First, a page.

Wales Chat Survey

Hundreds of survey squares were visited by volunteers, who collected habitat and population data for Whinchat, Wheatear and Stonechat in 2012 and 2013. 
Wheatear by Stuart Gillies
Wheatear. Stuart Gillies 

Commonly referred to as chats, Stonechat, Whinchat and Wheatear are small, predominately ground-nesting members of the thrush family typically found in undisturbed open habitats such as uplands and heaths. Together with Scotland and northern England, Wales is a stronghold of the UK populations of Whinchat and Wheatear, and also holds a significant proportion of our Stonechats. Populations of all three species have shown marked changes over the last century.  

For Wales, a special targeted survey was needed to obtain more detailed information on scarcer species such as the chats and to identify the habitat features most important to them. In 2012 and 2013 a survey of Stonechat, Whinchat and Wheatear was conducted across Wales with representative sampling stratified according to six broad land-class categories.  Based on two site visits to allocated 1-km squares, bird registrations and habitat were recorded at two spatial scales a) 1-km and b) within 25m of a bird registration. The standardised and defined survey procedure allowed objective habitat associations to be analysed and population estimates to be calculated, the latter albeit with broad error margins.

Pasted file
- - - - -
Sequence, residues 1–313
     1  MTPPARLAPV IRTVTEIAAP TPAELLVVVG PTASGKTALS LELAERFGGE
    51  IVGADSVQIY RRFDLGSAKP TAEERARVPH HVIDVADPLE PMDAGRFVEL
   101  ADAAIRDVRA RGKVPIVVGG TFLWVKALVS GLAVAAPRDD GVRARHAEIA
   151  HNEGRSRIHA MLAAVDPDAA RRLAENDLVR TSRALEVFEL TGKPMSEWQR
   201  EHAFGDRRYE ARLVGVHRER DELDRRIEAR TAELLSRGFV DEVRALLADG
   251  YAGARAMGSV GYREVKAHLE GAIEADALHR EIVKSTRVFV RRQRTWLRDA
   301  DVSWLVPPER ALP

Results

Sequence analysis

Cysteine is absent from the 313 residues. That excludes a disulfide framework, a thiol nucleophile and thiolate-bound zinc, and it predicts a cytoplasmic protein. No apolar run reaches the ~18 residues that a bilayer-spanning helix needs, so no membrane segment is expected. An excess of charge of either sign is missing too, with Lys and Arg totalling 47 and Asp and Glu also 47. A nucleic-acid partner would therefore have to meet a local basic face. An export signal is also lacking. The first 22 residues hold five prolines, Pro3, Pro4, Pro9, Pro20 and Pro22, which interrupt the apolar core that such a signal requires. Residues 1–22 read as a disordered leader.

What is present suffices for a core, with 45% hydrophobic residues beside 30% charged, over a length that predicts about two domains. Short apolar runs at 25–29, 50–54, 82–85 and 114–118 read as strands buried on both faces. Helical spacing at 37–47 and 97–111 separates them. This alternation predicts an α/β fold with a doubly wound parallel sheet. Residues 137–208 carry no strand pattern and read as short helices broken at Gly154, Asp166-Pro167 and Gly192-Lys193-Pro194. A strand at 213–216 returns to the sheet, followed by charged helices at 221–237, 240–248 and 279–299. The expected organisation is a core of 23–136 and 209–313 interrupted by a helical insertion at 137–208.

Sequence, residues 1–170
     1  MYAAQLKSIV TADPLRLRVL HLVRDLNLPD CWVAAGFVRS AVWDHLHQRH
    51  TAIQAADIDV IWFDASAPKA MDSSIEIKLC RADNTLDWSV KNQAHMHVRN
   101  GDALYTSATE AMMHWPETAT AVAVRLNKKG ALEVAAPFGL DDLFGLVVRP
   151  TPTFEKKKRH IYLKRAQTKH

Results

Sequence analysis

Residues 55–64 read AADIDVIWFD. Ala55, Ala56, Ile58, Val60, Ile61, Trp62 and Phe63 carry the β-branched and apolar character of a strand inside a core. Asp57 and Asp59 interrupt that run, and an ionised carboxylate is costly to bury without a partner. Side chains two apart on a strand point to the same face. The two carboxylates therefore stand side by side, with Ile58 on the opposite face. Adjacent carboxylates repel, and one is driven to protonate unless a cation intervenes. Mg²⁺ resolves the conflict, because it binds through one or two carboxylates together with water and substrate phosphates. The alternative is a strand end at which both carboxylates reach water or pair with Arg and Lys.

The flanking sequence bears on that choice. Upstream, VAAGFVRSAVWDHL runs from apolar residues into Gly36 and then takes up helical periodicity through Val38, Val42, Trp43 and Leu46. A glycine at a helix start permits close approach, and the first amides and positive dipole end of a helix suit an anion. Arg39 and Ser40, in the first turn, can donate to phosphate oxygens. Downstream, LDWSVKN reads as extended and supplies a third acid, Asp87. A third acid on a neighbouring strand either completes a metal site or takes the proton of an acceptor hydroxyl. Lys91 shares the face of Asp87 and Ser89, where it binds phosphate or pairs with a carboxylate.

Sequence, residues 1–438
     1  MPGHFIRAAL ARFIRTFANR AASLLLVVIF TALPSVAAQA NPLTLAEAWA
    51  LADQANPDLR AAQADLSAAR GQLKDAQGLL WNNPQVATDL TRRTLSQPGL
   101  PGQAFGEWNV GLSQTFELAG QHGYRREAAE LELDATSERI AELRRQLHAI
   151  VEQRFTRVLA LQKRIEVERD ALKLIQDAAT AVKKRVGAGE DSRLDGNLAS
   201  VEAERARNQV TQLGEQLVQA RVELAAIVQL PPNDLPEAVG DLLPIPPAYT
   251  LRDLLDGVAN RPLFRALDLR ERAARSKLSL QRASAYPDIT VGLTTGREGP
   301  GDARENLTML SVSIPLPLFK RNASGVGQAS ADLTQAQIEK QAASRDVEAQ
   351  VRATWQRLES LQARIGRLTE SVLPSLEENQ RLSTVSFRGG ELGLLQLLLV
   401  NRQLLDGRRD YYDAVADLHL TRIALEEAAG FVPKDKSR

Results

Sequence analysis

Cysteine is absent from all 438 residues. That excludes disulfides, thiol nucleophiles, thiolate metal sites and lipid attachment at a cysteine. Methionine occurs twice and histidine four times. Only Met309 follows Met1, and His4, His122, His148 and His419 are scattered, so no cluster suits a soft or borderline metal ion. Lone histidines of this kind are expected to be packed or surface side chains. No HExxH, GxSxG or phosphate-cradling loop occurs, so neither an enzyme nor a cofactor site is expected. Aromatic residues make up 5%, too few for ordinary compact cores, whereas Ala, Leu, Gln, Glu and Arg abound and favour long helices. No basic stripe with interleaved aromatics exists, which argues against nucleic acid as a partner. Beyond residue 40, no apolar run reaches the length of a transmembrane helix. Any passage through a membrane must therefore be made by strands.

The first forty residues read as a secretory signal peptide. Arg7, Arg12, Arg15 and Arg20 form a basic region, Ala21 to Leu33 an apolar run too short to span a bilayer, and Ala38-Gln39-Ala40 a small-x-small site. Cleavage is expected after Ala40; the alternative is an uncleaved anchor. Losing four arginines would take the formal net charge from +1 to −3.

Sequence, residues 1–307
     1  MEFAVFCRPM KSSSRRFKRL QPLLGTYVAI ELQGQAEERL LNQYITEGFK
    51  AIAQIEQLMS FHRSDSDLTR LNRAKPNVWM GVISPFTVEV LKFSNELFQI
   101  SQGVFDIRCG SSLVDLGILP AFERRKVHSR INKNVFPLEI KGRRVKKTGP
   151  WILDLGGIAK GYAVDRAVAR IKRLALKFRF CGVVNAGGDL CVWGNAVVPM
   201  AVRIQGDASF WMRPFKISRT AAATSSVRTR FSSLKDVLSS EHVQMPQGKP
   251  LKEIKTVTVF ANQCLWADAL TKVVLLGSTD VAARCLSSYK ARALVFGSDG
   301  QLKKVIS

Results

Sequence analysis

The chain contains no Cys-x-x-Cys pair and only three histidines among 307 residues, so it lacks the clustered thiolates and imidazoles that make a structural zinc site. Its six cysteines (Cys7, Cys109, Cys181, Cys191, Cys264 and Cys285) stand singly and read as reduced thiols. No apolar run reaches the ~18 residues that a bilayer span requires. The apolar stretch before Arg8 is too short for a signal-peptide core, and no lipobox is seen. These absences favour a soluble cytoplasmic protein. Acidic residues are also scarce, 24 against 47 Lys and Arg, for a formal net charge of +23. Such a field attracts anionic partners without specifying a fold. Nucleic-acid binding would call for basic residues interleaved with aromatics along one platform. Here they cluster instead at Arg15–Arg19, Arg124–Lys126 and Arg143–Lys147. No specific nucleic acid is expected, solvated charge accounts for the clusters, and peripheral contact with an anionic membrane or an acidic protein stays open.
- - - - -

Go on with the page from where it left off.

With the survey now over, nearly 300 squares were surveyed by volunteers, and the results have been published.

Read the abridged scientific paper: Population and habitat of Stonechat, Whinchat, and Wheatear in Wales

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